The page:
Standing too close to your date in the cafeteria line could subject you to a dean's inquisition. Have you ever held hands? Did you kiss? Why are you flirting with temptation? Eyes were always watching and spies reported infractions of the rules. The bus driver on a school outing confronted a friend of mine: "It's my obligation to talk to you as a Christian. In the rear view mirror I saw you and that girl touching noses. Don't you know the Bible verse, 'It is good for a man not to touch a woman'?"

One revered professor, a bald senior citizen, insisted that in his own car his wife must sit over by the door handle lest someone who didn't know they were married draw the wrong conclusion if they sat too close. He sold his stock in the local Belk Gallant department store because it sold swimsuits, which went against his beliefs on "mixed bathing." "When you wear lipstick," he would balefully warn the virginal girls in his classroom, "you are saying to the world, 'Kiss me! Kiss me!' "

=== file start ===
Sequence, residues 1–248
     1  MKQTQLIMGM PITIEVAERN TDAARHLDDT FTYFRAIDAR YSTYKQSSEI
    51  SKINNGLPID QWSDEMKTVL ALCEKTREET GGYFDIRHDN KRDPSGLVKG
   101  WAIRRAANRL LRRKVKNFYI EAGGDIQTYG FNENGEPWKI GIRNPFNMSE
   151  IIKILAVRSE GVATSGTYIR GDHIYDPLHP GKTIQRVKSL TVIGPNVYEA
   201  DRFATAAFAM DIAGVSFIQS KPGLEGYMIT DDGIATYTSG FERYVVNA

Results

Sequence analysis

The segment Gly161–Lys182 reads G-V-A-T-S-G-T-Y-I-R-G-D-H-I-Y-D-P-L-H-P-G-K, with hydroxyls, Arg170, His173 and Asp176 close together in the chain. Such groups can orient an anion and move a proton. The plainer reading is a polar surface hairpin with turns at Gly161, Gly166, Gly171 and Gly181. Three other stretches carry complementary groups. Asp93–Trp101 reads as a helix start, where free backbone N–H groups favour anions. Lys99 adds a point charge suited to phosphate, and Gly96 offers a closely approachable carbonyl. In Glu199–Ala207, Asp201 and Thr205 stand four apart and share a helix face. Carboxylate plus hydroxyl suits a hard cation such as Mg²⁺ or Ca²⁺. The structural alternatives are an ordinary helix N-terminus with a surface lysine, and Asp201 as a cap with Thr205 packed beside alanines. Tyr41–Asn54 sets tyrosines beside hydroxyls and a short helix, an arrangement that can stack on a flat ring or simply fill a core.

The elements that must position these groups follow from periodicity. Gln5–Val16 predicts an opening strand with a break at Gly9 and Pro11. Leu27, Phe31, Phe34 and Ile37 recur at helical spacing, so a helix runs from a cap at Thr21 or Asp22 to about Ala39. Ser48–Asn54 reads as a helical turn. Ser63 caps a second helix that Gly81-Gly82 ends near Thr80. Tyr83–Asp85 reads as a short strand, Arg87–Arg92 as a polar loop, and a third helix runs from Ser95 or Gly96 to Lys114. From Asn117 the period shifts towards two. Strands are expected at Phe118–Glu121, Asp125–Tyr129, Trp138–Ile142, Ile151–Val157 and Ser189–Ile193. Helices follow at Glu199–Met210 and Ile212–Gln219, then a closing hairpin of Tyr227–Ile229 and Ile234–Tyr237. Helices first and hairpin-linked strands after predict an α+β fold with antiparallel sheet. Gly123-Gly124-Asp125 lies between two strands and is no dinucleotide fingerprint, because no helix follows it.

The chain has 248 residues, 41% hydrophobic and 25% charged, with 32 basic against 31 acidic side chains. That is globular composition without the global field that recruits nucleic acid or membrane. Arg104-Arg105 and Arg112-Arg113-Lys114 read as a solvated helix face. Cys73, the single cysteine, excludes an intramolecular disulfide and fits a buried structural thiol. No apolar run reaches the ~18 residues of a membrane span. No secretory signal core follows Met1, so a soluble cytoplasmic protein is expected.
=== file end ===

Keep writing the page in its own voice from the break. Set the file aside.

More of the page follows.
The school's list of forbidden activities included dancing, playing cards, billiards, skating at public rinks, movies, boxing, wrestling, and "the presentation of opera and musical programs which include ballet, dancing, and suggestive songs." In the privacy of their dorm rooms students could play only music "consistent with a Christian testimony," a phrase open to much individual interpretation in the 1960s. Periodically, guilt-ridden students would smash their questionable record albums.

Because I didn't relish most of the off-limits activities anyway, I found their prohibition no great loss. The capriciousness and inconsistency of the rules grated on me, though. Whereas women had their skirts measured, men had their hair measured: it could not cover the ears and definitely could not grow on the face as a beard or moustache. This seemed strange since our church history textbooks depicted Jesus, the apostles, and most male saints of history with flowing hair and beards. The school banned speaking in tongues, a practice that was plainly biblical. And even though the Bible refers positively to wine scores of times, on that campus alcohol ranked just beneath the unpardonable sin.